She already knows what's happening from the first second between Clary and Jace. She already knows the true feelings of her brother. And she's above the game. You know? She's in the lead.
Isabelle has this very interesting friendship with Clary in the books. How's that going to play in the series?
Yes. It's in episode one, and Isabelle is really smart in identifying who's good and who's bad, so she sees right away that Clary is heartbroken with her mother gone, and she receives her with open arms. Isabelle is like her older sister, and that's something that's really nice about this relationship. It's all about woman empowerment and not about a catty fight between two girls. It's more about being with her and supporting her and being like an older sister to Clary.
What's it like to transition to this from Spanish-language TV?
I was doing Spanish television, and you dream of being in Hollywood. I think that's every actor's dream. I moved to LA leaving everything behind to book one of the starring roles in the show. I feel blessed. I feel thankful that ABC Freeform believed in me and believed in my talent. It's about hard work. I've been training and taking acting classes and everything to fill myself with every possible thing that I need to know about. I think as long as you work hard you can accomplish anything you want and I'm just so blessed that this opportunity came my way.
What's the biggest difference between working on a Spanish language TV show and moving to a Hollywood production like this?
Well in Spanish language you do about 25 scenes a day back-to-back. It's mutli-cam. And on a TV show like this you shoot about four scenes a day. That's a huge difference. Here you have a little more time to find your character while on camera.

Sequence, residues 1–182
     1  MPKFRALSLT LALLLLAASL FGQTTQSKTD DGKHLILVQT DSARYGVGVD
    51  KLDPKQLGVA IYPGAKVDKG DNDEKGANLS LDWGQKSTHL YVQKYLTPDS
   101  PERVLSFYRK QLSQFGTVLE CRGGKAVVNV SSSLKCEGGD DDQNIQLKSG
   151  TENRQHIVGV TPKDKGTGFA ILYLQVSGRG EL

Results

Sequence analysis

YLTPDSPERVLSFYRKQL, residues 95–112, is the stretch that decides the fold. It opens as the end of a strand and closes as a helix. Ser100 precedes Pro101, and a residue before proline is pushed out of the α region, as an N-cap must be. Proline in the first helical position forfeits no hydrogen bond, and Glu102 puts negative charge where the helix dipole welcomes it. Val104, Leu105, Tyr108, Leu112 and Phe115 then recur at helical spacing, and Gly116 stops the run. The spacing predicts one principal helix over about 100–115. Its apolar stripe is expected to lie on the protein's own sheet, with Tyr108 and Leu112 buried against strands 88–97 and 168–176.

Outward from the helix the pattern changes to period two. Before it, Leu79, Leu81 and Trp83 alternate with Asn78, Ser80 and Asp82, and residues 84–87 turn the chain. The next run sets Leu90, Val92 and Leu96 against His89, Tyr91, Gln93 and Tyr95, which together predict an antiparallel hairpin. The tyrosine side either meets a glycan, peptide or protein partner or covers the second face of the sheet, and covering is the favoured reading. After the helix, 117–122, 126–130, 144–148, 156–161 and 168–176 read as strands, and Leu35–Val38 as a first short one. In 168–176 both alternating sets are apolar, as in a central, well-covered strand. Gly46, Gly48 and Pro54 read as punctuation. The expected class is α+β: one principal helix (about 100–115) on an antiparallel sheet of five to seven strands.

Right now there are a lot of Young Adult properties that have been turned into movies and TV shows. How will this show distinguish itself from the pack?
The most important thing about our show is that what's going on with the characters is what's going on in life — like in most people's lives. Even though it takes place in a fantasy world, you can relate to all these characters. You have your first kid, your first love. You have someone who's not comfortable in his own skin. He's gay and he's trying to identify if that's good or it's bad. He doesn't know what's going on. And then you have Isabelle who's completely comfortable with her sexuality, and a lot of girls are not able to master that.
Each person can identify with someone from the cast, and I think that's what keeps people wanting to see these kinds of things. You identify with it.
So are we going to get to see you be an action star in some of these future episodes?
Yeah! She is a badass in seven-inch heels! I do all my own stunts. There's Isabelle with a whip and it's very dangerous. I hit myself a couple of times because every time you whip it, it comes back to your face. So yeah she gets to do a lot of cool stuff. I do most of my stunts, and it's a lot of fun!
What's the craziest stunt you've done so far?
There was a stunt where I had to whip someone's hand, and I made a mistake. I don't know what happened. I ended up whipping a camera guy, and I felt so bad! But that was one of the craziest things. The whip is so long, maybe 12 feet long, so yeah it's scary.
Now do they cordon off the area when you've got the whip and say, "Look out!"?
Yeah! [Laughs] Every time I go to set now everyone just runs away and I'm like, "Ooookay."